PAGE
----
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Poor Romas Sell Human Organs on the Black Market: Trading Kidneys for Firewood

by Natasha Dokovska
Macedonia

“I have seven children, I don’t work, neither does my wife. For many years I thought about selling my kidney so I could give my children a better life, but just recently I found someone to buy it,” says 40 year old Ekrem. He explains that it was not a difficult choice because the 1,000 Euro ($1,465 USD) he got as compensation for the lost kidney will enable him to mend some holes in his home, pay electricity bills, and get enough firewood to last for the rest of the winter.

“Fortunately this was not a cold winter so we managed to keep warm with what we’ve got, otherwise we would have frozen to death,” says Ekrem.

Ekrem is one of the many Macedonian citizens who see selling their organs as a chance to save themselves from poverty. He does not consider the consequences. According to a Macedonian organization that works with people with kidney diseases, for Ekrem and about a hundred other Roma citizens in the country, it is the only way to offer a modest life for their children.

“I don’t care if it is legal or not, what matters is having food on the table,” says Ekrem. He says he is the tenth person in his family to sell a kidney. He does not reveal the “friends” who offered him this deal, because if he tells, Ekrem says he’ll “dry out” the source for the many families who are still waiting in line to sell a piece of their body.

Representatives from the non-governmental organization La Strada (or Open Gate) that works to protect victims of human trade were the first to react to the rising prevalence of human organ trade as a way of survival. This followed a report by the European Commission for Transplanting Organs which put Macedonia on the list of countries whose citizens illegally sell their organs. The same report implies that these “donors” are commonly poor and marginalized citizens, while the traders are usually criminals engaged in human trading, though corrupt policemen and doctors are also implicated.

“Roma are the most common victims, who pressured by poverty, agree on a certain [financial] compensation after an organ is removed, usually a kidney,” says Stanka Markoska, spokeswoman from La Strada. According to the organization there are serious indications that the human organ trade is spreading, especially in the Roma community.

Roma are the most common victims of human organ trading because they are in the worst social and economic state. Because of their poverty, for a certain price, they agree to have their organs removed, which are then sold with the help of mediators and usually to foreign countries. A kidney transplant can yield anywhere from 800 ($1,148 USD) to 1,200 ($1,738 USD) Euro, and has a “stable” value.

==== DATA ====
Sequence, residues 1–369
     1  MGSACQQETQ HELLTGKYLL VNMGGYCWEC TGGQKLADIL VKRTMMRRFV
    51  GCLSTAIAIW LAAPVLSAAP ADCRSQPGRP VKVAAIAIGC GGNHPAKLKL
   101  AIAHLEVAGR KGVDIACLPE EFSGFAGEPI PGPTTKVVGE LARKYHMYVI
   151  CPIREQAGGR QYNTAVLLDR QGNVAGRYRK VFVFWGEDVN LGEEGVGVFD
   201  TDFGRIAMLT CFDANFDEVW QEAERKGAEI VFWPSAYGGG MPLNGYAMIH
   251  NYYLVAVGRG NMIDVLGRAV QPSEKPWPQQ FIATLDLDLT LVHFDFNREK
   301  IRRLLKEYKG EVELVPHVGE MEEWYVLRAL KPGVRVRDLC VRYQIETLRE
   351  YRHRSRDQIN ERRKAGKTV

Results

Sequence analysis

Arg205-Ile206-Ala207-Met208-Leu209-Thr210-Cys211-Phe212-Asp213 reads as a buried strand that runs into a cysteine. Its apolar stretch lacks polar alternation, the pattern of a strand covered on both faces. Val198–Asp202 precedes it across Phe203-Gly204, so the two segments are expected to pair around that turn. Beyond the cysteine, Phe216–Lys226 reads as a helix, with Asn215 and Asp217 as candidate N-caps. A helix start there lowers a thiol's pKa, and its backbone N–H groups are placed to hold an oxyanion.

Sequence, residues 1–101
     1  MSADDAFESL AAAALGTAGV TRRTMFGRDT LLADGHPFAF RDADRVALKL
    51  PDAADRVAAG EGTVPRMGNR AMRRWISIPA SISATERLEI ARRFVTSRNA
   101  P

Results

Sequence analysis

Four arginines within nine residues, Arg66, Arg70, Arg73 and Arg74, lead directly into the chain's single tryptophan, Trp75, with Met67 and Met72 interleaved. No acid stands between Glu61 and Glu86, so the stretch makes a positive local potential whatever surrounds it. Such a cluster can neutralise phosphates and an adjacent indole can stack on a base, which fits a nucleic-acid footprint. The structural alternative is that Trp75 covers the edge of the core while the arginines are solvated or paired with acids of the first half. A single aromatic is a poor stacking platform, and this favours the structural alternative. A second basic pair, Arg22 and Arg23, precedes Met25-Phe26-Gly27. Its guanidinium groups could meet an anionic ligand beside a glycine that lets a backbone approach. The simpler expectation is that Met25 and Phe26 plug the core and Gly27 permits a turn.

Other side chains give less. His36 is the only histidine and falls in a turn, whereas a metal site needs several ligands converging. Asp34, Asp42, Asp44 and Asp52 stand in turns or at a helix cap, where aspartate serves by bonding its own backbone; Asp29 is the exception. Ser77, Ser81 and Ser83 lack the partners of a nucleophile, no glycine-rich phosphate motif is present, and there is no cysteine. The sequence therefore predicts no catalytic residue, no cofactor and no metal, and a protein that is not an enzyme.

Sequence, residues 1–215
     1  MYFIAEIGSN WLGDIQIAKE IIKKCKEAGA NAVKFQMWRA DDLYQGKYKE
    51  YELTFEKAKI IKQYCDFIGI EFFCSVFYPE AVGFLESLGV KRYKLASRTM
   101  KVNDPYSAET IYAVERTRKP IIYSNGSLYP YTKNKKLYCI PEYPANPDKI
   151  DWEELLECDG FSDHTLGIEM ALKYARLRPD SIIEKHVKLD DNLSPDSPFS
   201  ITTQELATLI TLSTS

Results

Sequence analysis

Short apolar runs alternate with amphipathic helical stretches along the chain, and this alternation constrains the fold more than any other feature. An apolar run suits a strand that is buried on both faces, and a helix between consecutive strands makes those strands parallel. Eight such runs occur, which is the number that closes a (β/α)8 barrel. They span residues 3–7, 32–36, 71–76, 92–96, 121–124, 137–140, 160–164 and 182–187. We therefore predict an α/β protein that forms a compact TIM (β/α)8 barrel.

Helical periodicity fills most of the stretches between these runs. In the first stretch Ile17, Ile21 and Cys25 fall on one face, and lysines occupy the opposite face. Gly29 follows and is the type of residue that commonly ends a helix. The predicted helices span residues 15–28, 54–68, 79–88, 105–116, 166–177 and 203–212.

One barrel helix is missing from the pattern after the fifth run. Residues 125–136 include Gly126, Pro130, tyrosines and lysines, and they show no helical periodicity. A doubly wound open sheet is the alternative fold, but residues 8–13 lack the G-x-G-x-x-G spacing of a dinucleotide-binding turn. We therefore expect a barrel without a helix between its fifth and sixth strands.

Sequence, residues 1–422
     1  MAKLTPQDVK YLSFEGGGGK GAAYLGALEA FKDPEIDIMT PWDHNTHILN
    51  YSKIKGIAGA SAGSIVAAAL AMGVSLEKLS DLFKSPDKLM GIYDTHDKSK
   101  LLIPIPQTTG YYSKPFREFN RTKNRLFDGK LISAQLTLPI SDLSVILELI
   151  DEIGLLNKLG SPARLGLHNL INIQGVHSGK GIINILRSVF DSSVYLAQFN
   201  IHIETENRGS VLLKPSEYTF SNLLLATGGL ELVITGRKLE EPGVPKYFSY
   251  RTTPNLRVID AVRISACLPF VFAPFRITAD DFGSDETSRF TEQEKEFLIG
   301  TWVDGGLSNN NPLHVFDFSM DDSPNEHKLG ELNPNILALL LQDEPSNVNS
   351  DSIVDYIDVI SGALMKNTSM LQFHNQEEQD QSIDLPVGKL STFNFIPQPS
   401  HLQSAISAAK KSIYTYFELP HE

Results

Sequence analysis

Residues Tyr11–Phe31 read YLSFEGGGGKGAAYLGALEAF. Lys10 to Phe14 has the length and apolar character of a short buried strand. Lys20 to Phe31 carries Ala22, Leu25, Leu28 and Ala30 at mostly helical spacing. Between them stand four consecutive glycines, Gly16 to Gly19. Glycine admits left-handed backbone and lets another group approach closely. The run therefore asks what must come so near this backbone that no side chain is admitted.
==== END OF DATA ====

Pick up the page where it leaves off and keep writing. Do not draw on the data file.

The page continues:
But although Macedonia is mentioned in the European report on organ transplants, no Macedonian doctor has officially identified any cases of illegal organ transplants among Macedonian citizens.

“There simply do not [exist the proper] conditions for illegal organ transplants in Macedonia because it demands a large team of professional doctors and medical staff,” says Dr. Ninoslav Ivanovski, president of the Macedonian Association for Organ Transplantation.

However, there are confirmed cases of organ transplants on Macedonians abroad: “We know there are Macedonian citizens that are traveling to buy a kidney in India and Pakistan and the situation in the past few years is a rising trend across Europe. In some ways, a legal sale of organs is established and our patients have been going there without our permission. We were not aware of it nor have we referred any of them to those far east countries to buy a kidney,” says Dr. Ivanoski, who confirms there have been offers in the past few years from an Israeli team of doctors to open a transplant clinic in Macedonia.

Israeli economic analyst Sam Vaknin, who from 2001-2002 worked in Macedonia, confirms that such an idea existed, but was never realized. “A group of businessmen and doctors came, most of them from Israel. They visited Macedonia to review the possibility of opening a clinic for organ transplants here, but they just came to visit and explore the options, they did nothing more,” says Vaknin.

While doctors argue whether human organ trade in Macedonia exists or not, the Ministry of Health formed a coordinating body to assess the information about it circulating in the media.

Daniela Aleksovska, spokesperson for the Ministry of Health, says the coordinating body will inquire into the allegations of illegal organ trade.

Aleksovska says the Ministry of Health has reached out to the US embassy to find out whether the American Medical Association has any reports on alleged organ trading in Macedonia.

So far, none of the allegations about the illegal human organ trade have been verified by any of the international organizations that address this problem. But Ekrem and others like him tell a different story: “Now my wife wants to sell her kidney so we can get some more money because the children are growing up, there will be weddings soon…We need to think about everything!”
About the Author
Natasha Dokovska has been a journalist for 23 years, covering social issues and human rights in Macedonia. She has been an editor for international policy, an advocate for human rights as an NGO activist and publisher, and has edited books related to peace journalism and other topics.

She is currently the editor for the first internet alternative radio in Macedonia and is also the Executive Director of JCWE, Journalists for Children and Women’s Rights and Protection of the Environment in Macedonia.

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